First impressions count
Putting your best foot forward at the beginning of your course
When you meet your students for the first time, they will form an impression of you and of your course. That´s absolutely normal but it can strongly influence the entire semester, for better or for worse. Therefore, it´s time well invested that you spend at the beginning of your course to create a positive classroom climate. The “opening scence of your course” is often referred to as “the portal”, and there are many things that you can and should plan for this first encounter with your students. We will hear from several ETH faculty members what they do to start the semester and what experiences they made with it.
Daniel Heyen (TU Kaiserslautern)
Daniel Heyen (TU Kaiserslautern) is a professor of Environmental Economics at TU Kaiserslautern. He was a postdoc at D-MTEC, where he developed the Master course “The Economics of Societal Decisions under Risk”. In that course, and with varying success, Daniel experimented with the portal concept on different levels: What worked well in Daniel’s opinion is the course portal, i.e. the first session that sets the scene for the entire course. His experience with the weekly portal, where he relied on either emails or loom recordings, was more mixed.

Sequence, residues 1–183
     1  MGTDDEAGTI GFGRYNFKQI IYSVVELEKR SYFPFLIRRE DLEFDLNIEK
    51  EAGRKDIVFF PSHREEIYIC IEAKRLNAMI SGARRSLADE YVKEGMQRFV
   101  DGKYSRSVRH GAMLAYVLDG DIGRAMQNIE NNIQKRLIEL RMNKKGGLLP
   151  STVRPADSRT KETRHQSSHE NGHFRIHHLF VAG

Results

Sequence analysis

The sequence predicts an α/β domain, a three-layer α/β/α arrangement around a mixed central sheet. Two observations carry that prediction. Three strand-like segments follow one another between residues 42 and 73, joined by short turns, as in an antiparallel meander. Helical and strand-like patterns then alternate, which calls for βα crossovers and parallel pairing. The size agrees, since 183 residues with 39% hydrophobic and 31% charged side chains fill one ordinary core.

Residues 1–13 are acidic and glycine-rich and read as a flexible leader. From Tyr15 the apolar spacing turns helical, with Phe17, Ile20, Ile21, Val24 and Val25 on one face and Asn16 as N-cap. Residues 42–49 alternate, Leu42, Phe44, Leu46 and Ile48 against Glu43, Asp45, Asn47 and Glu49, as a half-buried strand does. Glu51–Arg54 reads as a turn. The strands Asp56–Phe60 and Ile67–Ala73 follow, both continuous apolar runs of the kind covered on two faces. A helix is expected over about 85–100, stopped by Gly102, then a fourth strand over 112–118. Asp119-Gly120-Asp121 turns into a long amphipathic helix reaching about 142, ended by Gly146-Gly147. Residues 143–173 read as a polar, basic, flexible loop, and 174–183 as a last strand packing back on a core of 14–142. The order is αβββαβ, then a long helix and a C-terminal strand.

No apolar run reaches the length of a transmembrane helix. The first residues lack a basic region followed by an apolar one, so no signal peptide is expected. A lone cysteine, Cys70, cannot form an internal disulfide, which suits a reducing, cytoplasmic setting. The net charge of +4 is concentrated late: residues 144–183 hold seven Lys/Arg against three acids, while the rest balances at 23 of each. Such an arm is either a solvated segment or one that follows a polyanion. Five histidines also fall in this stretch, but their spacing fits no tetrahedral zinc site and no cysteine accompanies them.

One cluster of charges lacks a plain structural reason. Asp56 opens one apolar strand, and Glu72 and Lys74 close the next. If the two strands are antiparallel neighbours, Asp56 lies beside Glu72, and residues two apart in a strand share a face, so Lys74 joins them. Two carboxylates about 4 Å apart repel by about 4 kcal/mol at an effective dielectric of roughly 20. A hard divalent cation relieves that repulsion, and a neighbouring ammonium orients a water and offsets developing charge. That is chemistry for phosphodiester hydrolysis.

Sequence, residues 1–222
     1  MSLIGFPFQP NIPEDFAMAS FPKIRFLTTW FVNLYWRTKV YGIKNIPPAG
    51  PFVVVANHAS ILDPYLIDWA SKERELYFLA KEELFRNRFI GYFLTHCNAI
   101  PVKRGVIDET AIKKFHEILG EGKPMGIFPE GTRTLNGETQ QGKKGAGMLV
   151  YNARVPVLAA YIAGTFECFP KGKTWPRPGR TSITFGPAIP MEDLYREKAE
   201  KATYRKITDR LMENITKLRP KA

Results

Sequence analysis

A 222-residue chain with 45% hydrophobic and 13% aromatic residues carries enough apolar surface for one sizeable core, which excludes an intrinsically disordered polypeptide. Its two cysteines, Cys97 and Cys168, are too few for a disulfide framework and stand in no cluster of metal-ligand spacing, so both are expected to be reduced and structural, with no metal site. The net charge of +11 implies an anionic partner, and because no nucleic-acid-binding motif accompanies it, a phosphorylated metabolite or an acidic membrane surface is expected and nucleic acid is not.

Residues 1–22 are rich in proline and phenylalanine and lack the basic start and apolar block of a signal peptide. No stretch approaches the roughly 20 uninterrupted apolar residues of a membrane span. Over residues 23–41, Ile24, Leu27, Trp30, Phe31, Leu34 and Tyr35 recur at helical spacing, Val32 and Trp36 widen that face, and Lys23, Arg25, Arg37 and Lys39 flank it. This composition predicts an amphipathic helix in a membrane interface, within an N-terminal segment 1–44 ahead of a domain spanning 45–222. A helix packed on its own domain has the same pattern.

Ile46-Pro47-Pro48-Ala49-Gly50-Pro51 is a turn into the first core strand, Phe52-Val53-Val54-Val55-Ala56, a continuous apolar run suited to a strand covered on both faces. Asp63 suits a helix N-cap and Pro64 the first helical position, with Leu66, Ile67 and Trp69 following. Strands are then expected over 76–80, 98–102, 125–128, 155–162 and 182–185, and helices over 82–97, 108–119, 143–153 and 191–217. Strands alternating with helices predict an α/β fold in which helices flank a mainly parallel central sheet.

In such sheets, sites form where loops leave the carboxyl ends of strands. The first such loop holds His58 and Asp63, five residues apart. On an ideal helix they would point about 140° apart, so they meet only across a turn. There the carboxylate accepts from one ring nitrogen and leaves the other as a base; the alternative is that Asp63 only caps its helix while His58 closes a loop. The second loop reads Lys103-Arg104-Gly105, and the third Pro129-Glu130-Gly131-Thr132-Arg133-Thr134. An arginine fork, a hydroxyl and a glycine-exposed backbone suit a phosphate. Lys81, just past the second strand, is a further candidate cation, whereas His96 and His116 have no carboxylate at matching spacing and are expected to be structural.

Dr. Axel Schild (D-CHAB)
Axel Schild (D-CHAB) is an Ambizione fellow at D-CHAB working on the theory of electron dynamics for molecules in laser fields. He is organizing the exercise part for an introductory course to physical chemistry for about 200 students of chemistry, chemical engineering, and interdisciplinary sciences. In Refresh Teaching, he will talk about his experiences when he made one of the exercise groups a questions-only group and about the importance of setting, communicating and enforcing rules for encouraging active learning.
Dominik Stämpfli (D-CHAB)
Dominik Stämpfli (D-CHAB) is a lecturer at the Institute of Pharmaceutical Sciences (IPW). He moderates interactive courses on applied pharmacology for around 40 master’s students in pharmacy and organizes the small lecture series “Pharmaceutical Cases” for around 70 bachelor’s students in pharmaceutical sciences. In this Refresh Teaching event, he will talk about the impact of giving students a behind-the-scenes look at active teaching segments and about the importance of announcing visions in addition to learning objectives.